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Design and implementation of adaptable onboard digital image detection algorithms for aurora observations
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|Title:||Design and implementation of adaptable onboard digital image detection algorithms for aurora observations|
|Authors:||Lim, Chester Nian Vee|
|Date Issued:||Aug 2011|
|Publisher:||[Honolulu] : [University of Hawaii at Manoa], [August 2011]|
|Abstract:||Aurora observations are moving towards utilizing the capabilities of near-infrared (NIR) cameras onboard high-altitude, long-duration balloons (LDB). Preliminary aurora observations using NIR cameras were initially conducted on the ground where scientists were able to continuously record data and perform processing . Continuously recording data requires a large storage capacity. Currently, only ground-based processing algorithms exist for NIR aurora observations. Moving observations from ground-based to balloon-based require real-time, on-board processing algorithms to optimize the use of the limited onboard storage space by reducing the massive amount of collected data to be stored.|
The purpose of this thesis is to address the problem of reducing the on-board storage requirement while achieving high aurora detection rate, thus optimizing the use of the limited onboard storage space. The thesis applies ISAAC technology  that was developed at the NASA Jet Propulsion Laboratory (JPL) to the entire life cycle of building an on-board aurora image processing system in the context of balloon-borne payload. It includes an exploration of high-level on-board processing digital system architecture for a balloon-based aurora observations, development of real-time, adaptable, on-board, aurora image processing algorithms, prototyping a hardware/software codesign on ISAAC's FPGA-based platform for these algorithms, and performance evaluation of these algorithms through a series of metrics.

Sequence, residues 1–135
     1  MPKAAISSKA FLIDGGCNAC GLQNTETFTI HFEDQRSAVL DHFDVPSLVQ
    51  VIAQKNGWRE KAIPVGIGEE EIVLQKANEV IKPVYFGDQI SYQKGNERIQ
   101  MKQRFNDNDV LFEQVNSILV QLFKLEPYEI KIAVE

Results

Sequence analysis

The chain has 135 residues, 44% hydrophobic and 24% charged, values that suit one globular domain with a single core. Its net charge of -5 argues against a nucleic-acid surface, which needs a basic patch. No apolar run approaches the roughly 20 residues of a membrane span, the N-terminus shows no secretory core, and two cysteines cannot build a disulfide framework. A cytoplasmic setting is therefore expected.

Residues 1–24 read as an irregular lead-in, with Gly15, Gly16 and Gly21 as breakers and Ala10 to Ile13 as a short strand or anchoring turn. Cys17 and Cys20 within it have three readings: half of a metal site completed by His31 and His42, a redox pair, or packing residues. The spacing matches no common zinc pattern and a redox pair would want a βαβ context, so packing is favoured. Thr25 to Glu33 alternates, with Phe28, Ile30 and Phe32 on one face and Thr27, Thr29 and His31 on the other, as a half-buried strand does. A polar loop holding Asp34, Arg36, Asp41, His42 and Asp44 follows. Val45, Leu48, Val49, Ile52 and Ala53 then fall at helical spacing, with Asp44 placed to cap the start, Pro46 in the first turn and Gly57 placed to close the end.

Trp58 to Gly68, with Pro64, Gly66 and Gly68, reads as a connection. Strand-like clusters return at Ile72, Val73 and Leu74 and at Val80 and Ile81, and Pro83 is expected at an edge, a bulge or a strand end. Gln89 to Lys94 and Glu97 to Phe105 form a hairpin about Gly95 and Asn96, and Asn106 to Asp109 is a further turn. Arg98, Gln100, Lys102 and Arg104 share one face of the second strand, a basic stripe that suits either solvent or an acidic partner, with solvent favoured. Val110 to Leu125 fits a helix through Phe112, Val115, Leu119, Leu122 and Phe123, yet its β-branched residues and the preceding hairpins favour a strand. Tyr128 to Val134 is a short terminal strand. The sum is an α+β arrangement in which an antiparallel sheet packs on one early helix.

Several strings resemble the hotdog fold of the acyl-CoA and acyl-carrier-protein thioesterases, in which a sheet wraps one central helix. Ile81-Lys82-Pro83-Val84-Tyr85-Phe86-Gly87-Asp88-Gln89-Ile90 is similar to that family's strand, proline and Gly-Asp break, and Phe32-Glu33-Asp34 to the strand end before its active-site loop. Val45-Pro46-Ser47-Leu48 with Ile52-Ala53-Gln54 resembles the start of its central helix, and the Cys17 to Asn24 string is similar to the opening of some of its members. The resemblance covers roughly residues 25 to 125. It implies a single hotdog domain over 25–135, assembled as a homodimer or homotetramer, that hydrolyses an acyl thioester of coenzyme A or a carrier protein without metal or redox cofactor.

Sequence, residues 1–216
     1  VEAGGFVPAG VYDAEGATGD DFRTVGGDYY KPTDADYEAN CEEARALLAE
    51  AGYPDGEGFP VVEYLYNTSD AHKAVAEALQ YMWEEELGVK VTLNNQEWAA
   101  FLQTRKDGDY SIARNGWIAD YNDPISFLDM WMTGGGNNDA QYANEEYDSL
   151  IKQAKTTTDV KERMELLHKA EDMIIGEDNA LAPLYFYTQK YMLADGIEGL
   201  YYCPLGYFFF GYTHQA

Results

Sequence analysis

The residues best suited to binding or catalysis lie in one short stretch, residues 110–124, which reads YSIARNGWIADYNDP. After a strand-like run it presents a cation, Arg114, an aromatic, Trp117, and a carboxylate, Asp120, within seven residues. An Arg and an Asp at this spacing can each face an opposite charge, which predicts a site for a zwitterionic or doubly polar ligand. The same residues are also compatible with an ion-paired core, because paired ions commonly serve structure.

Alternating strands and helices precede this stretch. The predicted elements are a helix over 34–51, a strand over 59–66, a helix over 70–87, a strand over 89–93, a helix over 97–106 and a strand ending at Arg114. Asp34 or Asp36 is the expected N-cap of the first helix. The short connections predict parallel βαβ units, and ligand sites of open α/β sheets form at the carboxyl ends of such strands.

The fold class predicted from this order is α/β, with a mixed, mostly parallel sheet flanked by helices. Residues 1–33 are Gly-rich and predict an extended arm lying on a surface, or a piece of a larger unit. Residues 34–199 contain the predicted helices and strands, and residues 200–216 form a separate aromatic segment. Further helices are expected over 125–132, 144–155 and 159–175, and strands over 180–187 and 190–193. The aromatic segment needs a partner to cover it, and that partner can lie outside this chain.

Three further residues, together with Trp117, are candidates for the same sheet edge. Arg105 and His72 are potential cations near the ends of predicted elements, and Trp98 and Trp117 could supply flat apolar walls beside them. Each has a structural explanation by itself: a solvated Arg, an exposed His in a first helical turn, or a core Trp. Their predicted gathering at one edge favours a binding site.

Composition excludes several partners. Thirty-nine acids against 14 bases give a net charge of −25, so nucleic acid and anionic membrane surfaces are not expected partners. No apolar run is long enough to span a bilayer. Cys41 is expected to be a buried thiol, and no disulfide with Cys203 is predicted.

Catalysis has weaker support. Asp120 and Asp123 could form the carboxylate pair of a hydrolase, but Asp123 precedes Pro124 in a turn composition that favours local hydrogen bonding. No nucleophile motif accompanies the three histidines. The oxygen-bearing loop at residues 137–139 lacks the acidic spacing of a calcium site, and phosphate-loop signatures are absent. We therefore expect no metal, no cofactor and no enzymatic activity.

The outcomes of this thesis are a modular and reusable library of adaptable and fully functional aurora detection and data reduction algorithms that can be configured on a perapplication basis in response to different requirements of aurora observation.
|Description:||M.S. University of Hawaii at Manoa 2011.|
Includes bibliographical references.
|Appears in Collections:||
M.S. - Electrical Engineering|
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